‘I am here to play, thrive and have fun!'” (Nithya Shanti)


Step 1 To Positive Change

Photo by Peter SperoWhen there is something you want to change about your life there is one vital first step. Whether it be a situation, a relationship, a feeling, or a lifestyle that needs to change, the necessary first step is always the same.

What is this important precursor to positive change? Simply put: acceptance.

Before change, before action, before decisions, accept what is. Your mind won’t want you to, because non-acceptance is its lifeblood.  But here is what the ever-present stream of thinking doesn’t know: when you are at peace with what is, whatever follows will be in alignment with that peace and create more of the like.


What’s purpose got to do with it?

HeartA few posts ago I embarked on the 30 day before bed challenge to see how the five minutes before sleep can change waking reality.  In this challenge I have been flooding myself with what it will feel like when all of my dreams come true, assuming the feeling as if those dreams had truly come to pass already.

The inspiration for this challenge came from Dr. Wayne Dyer’s Wishes Fulfilled where he says, “In this brief portion of your day, you are going to tell your subconscious mind how you feel and what wishes God (the universal one subconscious mind) is to fulfill upon awakening from your deep slumber.  This five-minute segment of time in your bed, about to enter into your subconscious and marinate for the next eight hours or so, is the most crucial segment of your entire 24-hour day,” (Dyer 136).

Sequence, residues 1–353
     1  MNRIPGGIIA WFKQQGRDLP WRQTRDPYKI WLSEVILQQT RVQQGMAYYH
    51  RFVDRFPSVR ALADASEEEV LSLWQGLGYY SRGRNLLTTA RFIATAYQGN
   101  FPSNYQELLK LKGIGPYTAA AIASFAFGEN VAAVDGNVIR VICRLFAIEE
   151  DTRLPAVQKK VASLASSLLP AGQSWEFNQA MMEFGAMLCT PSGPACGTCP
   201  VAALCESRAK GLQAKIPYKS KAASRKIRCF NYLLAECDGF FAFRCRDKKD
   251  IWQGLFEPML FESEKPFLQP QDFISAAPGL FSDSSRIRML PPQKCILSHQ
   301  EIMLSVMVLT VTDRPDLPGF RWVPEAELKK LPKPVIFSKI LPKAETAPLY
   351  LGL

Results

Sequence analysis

Since I didn’t fall asleep the second my head hit the pillow last night, I decided to flood myself with the feeling of great love for the people in my life.  Although the miracle of this challenge isn’t what happens during sleep, but rather what begins to manifest in the waking hours of life, my dream last night was so fantastic that I have share its personal revelations.

In last night’s dream I was in a big lecture hall listening to none other than Oprah herself, and she was talking to various people in the audience.  I found myself standing up, staring right at her, when she pointed at me and asked, “What are you?”  Being unsure of my life’s purpose I uneasily responded, “I am a poet?”  She laughed and in her fabulous Oprah tenor replied, “Girl, you’re a talk show host!”

Needless to say, in the dream I was thrilled.  I finally knew my life’s purpose, it had been right in front of me all along!  Just then, in the midst of my jubilation, a man sprayed a hose full of water right in my face.  I then realized something I had been avoiding by not living out my purpose; when you start to live your dreams there will be more opposition from others.  

The higher you are lifted, the stronger the force will be in the opposite direction.  Yet, there is nothing wrong with that, quite the opposite is the case; that backlash is a helpful sign you are living on purpose.  That metaphorical hose down in my dream did not dampen my spirits, I was so overwhelming overjoyed to finally have my purpose revealed to me.

Purpose can come in the form of something you physically do, or it can come in the form of a way of being.  Purpose can be an intention you live by, such as being pure love, being the light of consciousness, or being joy made manifest.  Whether your purpose is a way of being in the world, or has gone on to be a physical task, the joy that comes from living on purpose is unique and endlessly fulfilling.